MOSFET driver questions

Discussion in 'The Projects Forum' started by iulian28ti, Dec 4, 2009.

  1. iulian28ti

    Thread Starter Member

    Dec 4, 2009
    Hi guys, i have a couple of questions.

    But first, what i understood until now about drivers.
    What is to be understood ? That a mosfet driver will send a higher voltage pulse(?) to charge the parasitic gate capacitor quicker so the mosfet will turn on in a shorter time, in consequence minimizing switching losses.
    I'm pretty sure that's correct.

    Now the questions.

    1. What is high-side/low-side ? High side is on the positive lead of the load, and low side on the negative one ?

    2. How do i interpret datasheet info ? What do all the voltages mean ?

    3. How exactly do they work ? Do they first send a higher voltage pulse, cut it off when gate reached desired voltage, and immediately connect a continuous stable voltage source ?

    4. Do they work for both turn on and turn off ?

    Thank you very much in advance. :)
    Last edited: Dec 4, 2009
  2. hgmjr


    Jan 28, 2005
    I suggest you track down the manufacturer's datasheet for the high-side or low-side driver you have chosen and read it. You may want to check out the manufacturer's website for any application notes specific to your chosen mosfet driver.

  3. SgtWookie


    Jul 17, 2007
    That's sort of the general idea.
    MOSFET gates have a "gate charge" that is given as nC's or nano coulombs. There's a total gate charge specification, and it's further broken down into Miller charge, etc. See a datasheet for a MOSFET of interest to get their individual specifications. Very generally, the gate charge is a function of maximum Vdss, Rds(on) and Id rating. The higher the Vdss, the higher the gate charge will be. The lower the Rds(on), the higher the gate charge will be. The higher the Id rating, the higher the gate charge will be. This is not a "hard and fast" rule, but just in general.

    To put it as simply as possible, the gates have capacitance. In order to charge and discharge the gates as quickly as possible, high current of short duration is required. The higher the charge/discharge current, the more quickly the gates can be turned on/off.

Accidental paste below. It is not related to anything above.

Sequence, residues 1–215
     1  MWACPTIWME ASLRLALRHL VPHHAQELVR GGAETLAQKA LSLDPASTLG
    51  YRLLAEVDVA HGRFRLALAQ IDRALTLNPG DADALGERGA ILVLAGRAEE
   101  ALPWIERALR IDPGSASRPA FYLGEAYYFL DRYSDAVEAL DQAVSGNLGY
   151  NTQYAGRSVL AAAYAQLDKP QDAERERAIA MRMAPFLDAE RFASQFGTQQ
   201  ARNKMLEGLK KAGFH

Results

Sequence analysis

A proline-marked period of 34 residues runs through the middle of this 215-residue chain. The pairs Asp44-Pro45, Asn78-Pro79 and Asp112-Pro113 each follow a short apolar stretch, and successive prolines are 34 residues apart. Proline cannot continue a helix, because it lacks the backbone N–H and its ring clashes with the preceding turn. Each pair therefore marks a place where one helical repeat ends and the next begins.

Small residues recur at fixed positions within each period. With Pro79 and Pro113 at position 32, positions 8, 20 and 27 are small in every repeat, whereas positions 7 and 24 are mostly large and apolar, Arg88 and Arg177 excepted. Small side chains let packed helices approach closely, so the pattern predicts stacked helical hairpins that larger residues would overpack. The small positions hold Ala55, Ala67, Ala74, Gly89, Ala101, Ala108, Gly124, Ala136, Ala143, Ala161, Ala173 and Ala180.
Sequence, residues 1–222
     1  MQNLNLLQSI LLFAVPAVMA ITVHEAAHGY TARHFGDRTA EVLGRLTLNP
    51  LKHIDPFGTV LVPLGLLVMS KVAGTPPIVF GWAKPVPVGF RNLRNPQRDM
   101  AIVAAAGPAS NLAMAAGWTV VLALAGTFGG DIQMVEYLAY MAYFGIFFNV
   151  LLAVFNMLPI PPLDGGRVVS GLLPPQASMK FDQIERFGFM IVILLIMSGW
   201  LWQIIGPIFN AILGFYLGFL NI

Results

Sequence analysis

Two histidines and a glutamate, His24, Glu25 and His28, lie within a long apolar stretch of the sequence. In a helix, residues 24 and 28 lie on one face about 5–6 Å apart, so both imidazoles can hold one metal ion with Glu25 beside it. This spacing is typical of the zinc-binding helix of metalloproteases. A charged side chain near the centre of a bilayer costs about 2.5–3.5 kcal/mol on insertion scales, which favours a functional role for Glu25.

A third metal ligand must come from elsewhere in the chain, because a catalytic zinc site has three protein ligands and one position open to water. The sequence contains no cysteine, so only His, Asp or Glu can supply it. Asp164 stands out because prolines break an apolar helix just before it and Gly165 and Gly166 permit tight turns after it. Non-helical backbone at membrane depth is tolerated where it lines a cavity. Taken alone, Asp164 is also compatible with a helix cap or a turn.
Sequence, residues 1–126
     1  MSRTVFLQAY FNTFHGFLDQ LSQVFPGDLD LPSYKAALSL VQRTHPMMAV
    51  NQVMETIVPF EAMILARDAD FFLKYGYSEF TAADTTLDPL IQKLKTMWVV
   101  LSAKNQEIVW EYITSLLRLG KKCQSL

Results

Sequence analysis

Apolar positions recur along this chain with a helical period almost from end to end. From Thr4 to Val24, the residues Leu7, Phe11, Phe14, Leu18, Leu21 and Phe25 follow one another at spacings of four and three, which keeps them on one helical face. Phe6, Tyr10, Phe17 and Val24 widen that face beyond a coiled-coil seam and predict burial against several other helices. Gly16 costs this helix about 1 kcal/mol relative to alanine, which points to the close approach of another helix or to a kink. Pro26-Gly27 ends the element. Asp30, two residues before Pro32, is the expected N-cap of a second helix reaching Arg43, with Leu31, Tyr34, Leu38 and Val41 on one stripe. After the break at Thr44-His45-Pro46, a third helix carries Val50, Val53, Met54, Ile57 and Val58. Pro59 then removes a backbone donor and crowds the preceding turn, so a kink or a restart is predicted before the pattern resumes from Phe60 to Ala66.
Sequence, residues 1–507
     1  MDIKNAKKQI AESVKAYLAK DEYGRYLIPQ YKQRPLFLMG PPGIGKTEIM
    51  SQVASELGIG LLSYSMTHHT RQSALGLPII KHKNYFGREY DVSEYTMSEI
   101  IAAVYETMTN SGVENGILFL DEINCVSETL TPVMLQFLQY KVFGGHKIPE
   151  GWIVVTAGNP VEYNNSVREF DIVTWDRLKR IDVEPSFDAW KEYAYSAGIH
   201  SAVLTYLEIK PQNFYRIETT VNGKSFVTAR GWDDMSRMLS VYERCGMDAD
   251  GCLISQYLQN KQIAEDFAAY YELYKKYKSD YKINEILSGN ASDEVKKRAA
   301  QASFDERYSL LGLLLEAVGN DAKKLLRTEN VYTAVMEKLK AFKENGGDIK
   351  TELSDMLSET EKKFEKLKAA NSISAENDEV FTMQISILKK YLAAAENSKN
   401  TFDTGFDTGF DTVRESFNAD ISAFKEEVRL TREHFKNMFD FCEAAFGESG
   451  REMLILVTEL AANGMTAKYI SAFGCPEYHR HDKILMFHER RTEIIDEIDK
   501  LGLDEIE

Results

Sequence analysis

High-side drivers came about because it was discovered that N-channel MOSFETs generally have a lower Rds(on) than P-channel MOSFETs do. But in order to get an N-channel MOSFET to turn on, Vgs needs to be +5v (logic level) or +10v (for standard MOSFETs). It was easier to use P-channel MOSFETs because you didn't have to use a positive voltage to turn them on; Vgs in a P-channel is negative or zero. But in the interest of efficiency, high-side drivers came into common use.


    It takes a lot of reading through to make sense out of them.
    But, look at Rds(on) in respect to Vgs, the Vdss rating, the Id rating,
    and the total gate charge. Usually, you will want to use a MOSFET that has a Vdss of at least 1-1/2 times the voltage you'll be using them with, and twice the current rating. Both of these affect the gate charge.

    They either connect a comparatively large capacitor to the gate to charge it up, or connect the gate to the source terminal to discharge it.


    However, high-side drivers won't keep the MOSFET gate turned on indefinitely. You'll need to turn the high-side gate off and back on at intervals to re-charge the capacitor.